Unfortunately, we did not have the time to address these things, we were not given the time, the markets didn’t give us the time to actually be able to consistently and slowly try to readdress these things. We were in a race to convince the markets that we were actually not going to be defaulting. And by March this year, the markets completely closed out on us. So, luckily, and of course it’s not just a question of luck but also preparation, by that time the EU had put together the 110 billion facility together with the IMF, to help Greece, on the basis of course of a very specific and very rigorous three year economic and financial programme.

This is where we are now, this is the programme we are implementing, and this is perhaps the first time after a very, very long period when I can actually be a little bit optimistic about where we are and how we are going. The cornerstone of this programme is of course fiscal consolidation, in a space of three-four years, we need to reduce the deficit from 13.6% in 2009 to less than 3% by 2014. And from 2013 the debt-to-GDP ratio is supposed to be on a declining trend. It’s a very aggressive programme and aggressively front loaded. In 2010 the reduction of the deficit is going to be 5.5 percentage points, on the back of measures which actually exceed 8 percentage points.

And if you look at the measures that have already been translated into law, they are unprecedented, certainly for this country and my guess is for most countries. You have a reduction in nominal wages in the public sector of roughly 15% in one year. If you add to that the reform in the tax system which abolished autonomous taxation and various exemptions public servants look at nominal wage reductions exceeding 20% before you incorporate inflation. You have a 10% reduction in pensions, in both public and private sectors. You have a 10 % across-the-board reduction in operating expenditures of government, VAT is up 4 percentage points, excess taxes are roughly up 30% in three successive steps in alcohol, tobacco and petrol.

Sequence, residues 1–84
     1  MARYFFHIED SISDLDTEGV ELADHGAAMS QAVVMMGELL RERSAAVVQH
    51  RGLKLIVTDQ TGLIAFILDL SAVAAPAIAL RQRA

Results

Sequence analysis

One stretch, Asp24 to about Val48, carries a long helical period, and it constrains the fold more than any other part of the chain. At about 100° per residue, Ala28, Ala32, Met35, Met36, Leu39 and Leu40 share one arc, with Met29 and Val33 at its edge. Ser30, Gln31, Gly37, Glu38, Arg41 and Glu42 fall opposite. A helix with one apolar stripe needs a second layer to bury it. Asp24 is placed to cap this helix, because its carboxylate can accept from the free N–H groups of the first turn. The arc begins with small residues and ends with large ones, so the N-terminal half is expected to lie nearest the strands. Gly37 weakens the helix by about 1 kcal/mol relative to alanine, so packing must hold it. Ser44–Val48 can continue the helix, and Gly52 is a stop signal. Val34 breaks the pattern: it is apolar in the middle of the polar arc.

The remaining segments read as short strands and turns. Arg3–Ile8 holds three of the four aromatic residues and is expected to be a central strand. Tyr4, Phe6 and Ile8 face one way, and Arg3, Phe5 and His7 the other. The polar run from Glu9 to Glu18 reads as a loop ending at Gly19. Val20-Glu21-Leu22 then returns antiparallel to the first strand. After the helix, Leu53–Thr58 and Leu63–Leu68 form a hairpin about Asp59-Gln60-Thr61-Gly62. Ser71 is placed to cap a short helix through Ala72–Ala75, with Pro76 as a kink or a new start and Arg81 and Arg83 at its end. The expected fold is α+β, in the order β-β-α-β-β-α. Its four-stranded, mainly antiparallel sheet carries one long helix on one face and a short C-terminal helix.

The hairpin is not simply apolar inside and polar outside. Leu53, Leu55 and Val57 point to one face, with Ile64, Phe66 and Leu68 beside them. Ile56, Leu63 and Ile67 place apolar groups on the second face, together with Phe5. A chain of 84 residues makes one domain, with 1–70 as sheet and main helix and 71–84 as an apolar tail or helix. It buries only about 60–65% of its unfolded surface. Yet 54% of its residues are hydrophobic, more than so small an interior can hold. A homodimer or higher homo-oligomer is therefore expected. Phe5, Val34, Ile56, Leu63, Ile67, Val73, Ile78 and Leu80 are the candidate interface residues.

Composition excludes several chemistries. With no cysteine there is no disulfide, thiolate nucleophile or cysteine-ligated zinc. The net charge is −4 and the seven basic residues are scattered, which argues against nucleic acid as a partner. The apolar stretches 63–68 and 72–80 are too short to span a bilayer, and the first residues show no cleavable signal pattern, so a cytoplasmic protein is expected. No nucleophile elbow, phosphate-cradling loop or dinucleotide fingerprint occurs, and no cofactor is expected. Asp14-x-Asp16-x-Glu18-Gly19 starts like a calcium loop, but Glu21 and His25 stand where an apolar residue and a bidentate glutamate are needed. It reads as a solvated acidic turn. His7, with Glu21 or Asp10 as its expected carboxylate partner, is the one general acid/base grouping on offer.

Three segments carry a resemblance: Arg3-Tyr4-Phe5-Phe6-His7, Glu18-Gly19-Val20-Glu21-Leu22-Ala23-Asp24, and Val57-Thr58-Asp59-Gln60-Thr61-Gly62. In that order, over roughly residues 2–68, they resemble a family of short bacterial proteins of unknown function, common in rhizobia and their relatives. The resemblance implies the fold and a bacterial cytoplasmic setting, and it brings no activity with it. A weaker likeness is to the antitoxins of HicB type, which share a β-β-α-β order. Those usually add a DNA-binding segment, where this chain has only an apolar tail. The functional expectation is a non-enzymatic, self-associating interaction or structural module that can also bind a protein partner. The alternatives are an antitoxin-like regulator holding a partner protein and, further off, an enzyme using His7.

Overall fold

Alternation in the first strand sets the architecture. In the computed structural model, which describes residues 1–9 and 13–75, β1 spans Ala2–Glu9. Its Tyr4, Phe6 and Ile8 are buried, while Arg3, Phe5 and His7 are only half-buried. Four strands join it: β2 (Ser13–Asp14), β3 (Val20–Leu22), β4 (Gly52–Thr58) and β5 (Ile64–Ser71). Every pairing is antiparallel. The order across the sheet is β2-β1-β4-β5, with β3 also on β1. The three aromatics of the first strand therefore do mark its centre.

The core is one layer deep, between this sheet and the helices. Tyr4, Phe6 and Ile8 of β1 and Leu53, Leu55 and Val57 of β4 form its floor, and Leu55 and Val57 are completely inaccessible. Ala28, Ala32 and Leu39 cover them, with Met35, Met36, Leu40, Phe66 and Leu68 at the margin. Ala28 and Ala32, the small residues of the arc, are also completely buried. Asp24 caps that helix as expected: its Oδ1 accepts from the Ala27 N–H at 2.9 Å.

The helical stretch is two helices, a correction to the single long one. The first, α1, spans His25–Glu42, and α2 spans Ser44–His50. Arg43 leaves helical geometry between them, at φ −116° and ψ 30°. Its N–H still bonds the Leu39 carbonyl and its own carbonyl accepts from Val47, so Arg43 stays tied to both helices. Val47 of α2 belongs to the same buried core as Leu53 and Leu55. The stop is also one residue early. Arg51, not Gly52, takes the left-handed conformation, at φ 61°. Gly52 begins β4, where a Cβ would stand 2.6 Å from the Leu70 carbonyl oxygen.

This is a serious fiscal consolidation effort, with of course, as was to be expected an impact on growth, which is expected this year according to the programme – I’ll have more to say about that – to be minus 4% of GDP.

There has been a lot of discussion of “was there another way?” and the answer is no! We were up against a wall, to avoid bankruptcy we had to take these very difficult measures, what we tried to do is “cushion” parts of the population that were not at all to blame, for the mess that we are in, and which were particular hurt. […]

Now a programme like this may or may not be successful. This one is already and I’ll say something about that but if you don’t put it in a wider context and if you don’t supplement it with structural reform three years from now you are going to be in the same position. It will be very quickly undone.